Deciphering the 3D Microstructures of a Doubly Charged Homopolymer through a Complementary Correlation of Monomer Crystallography and Polymer Powder X-ray Diffraction

Xi Chen, Glenn A. Spiering, Carla Slebodnick, Timothy E. Long, Robert B. Moore

Research output: Contribution to journalArticlepeer-review

Abstract

This work unravels the bulk microstructure of a doubly charged homopolymer by correlating crystallographic details from single-crystal X-ray diffraction (SCXRD) of the monomer with the crystalline order of the polymer utilizing powder X-ray diffraction (PXRD). The homopolymer, synthesized through reversible addition-fragmentation chain transfer (RAFT) polymerization, features a styrenic backbone with amphiphilic pendant groups containing a doubly charged 1,4-diazabicyclo[2.2.2]octane (DABCO) salt that is attached to a terminal octadecyl (C18) chain. SCXRD of the single crystals grown from the monomers reveals that the amphiphilic monomers prefer to pack into a highly ordered herringbone lamellar structure that facilitates electrostatic interactions between the DABCO salt units and hydrophobic associations of the styrene moieties and pendant C18 chains. Following living radical polymerization from a homogeneous solution, the resulting homopolymer was found to be semicrystalline, despite the expected stereoirregularity (atactic configuration) of the styrenic backbone. Surprisingly, comparisons of the PXRD patterns of the monomer and annealed homopolymer suggest that the homopolymer also crystallizes into a herringbone lamellar structure similar to that of the monomer. Moreover, the V-shaped counterion geometry likely plays an important role in the formation of the herringbone structure for the monomer and the homopolymer to maximize dipole-dipole interactions. Through correlations of the precise crystallographic details of the monomer with the PXRD patterns of the semicrystalline homopolymer, this study highlights a powerful approach in developing a structural model to define the morphology of polymers with complex chemical structures and hierarchical ordering.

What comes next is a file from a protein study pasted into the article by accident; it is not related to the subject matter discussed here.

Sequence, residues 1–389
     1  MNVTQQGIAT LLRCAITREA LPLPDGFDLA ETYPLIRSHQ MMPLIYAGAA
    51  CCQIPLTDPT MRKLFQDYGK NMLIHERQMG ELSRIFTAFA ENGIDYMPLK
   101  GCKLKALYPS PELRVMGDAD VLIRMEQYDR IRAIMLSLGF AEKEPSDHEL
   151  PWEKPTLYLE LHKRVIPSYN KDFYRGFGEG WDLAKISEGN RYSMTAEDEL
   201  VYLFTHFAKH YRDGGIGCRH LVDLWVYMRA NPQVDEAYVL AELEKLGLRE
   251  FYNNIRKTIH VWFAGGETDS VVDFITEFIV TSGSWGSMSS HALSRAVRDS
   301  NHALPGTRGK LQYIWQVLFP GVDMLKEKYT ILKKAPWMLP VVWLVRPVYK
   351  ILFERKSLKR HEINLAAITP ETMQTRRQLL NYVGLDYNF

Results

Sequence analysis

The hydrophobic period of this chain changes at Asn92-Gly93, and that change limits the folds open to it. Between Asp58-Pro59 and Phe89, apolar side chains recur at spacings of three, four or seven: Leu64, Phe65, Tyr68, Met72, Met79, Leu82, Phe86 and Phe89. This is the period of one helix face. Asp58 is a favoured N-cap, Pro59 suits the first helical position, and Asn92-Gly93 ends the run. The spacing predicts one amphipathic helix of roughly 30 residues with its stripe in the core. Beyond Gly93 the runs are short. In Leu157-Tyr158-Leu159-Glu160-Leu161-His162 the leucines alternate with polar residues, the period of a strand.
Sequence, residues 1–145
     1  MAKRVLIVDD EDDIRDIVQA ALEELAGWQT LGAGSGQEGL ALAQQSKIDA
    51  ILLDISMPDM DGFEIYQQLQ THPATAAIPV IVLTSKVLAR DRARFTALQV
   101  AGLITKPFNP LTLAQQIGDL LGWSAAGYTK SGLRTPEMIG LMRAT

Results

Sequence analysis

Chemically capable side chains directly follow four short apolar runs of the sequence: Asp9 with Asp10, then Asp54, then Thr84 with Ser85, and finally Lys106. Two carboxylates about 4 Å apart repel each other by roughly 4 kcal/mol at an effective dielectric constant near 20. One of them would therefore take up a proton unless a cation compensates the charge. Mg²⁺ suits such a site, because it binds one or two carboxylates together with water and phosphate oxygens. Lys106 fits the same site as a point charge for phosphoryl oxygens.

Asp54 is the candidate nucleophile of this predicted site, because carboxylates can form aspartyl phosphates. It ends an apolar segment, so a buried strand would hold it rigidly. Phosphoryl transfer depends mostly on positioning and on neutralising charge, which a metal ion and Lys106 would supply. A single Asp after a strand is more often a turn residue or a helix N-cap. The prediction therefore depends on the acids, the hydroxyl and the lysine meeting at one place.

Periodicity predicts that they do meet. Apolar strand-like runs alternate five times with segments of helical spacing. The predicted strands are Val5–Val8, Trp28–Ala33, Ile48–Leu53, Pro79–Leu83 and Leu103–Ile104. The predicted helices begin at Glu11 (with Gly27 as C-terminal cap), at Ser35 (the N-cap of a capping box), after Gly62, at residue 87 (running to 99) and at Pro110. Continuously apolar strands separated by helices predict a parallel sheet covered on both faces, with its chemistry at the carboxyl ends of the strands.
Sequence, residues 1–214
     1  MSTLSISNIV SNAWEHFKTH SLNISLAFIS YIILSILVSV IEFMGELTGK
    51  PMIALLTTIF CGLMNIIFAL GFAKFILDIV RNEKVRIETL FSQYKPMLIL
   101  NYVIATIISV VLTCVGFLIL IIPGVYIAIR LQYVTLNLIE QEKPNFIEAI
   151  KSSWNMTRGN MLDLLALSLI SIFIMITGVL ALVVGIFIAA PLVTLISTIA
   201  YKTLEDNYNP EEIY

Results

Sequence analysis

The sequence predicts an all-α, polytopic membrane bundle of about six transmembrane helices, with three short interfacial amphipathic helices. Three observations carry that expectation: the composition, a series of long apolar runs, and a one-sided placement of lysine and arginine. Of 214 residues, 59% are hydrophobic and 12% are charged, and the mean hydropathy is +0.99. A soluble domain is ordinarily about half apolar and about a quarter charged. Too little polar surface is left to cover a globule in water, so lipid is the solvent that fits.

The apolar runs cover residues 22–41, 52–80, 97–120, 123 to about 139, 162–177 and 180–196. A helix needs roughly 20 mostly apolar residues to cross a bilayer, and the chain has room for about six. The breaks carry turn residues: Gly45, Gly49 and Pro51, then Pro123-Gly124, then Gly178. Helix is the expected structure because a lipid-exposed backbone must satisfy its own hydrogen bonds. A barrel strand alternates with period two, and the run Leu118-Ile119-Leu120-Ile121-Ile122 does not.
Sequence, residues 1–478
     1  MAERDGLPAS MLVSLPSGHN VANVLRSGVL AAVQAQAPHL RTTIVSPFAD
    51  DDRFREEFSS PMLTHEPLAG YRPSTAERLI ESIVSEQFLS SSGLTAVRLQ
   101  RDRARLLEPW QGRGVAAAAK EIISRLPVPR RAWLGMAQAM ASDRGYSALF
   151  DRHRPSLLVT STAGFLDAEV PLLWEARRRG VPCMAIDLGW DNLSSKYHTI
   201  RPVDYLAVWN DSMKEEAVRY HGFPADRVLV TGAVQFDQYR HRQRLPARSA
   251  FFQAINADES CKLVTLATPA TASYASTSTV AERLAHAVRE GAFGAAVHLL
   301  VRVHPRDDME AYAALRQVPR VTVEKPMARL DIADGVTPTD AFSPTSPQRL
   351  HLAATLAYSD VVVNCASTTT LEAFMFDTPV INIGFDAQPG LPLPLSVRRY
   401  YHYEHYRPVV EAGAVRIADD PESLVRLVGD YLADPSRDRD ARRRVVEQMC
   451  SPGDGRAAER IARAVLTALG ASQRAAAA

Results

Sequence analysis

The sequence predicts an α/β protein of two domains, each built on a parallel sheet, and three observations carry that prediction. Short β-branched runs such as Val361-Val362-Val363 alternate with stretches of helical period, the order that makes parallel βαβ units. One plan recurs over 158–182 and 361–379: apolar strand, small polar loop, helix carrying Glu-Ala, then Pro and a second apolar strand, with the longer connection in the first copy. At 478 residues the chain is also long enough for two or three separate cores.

Original languageEnglish (US)
Pages (from-to)6529-6537
Number of pages9
JournalMacromolecules
Volume53
Issue number15
DOIs
StatePublished - Aug 11 2020
Externally publishedYes

ASJC Scopus subject areas

  • Organic Chemistry
  • Polymers and Plastics
  • Inorganic Chemistry
  • Materials Chemistry

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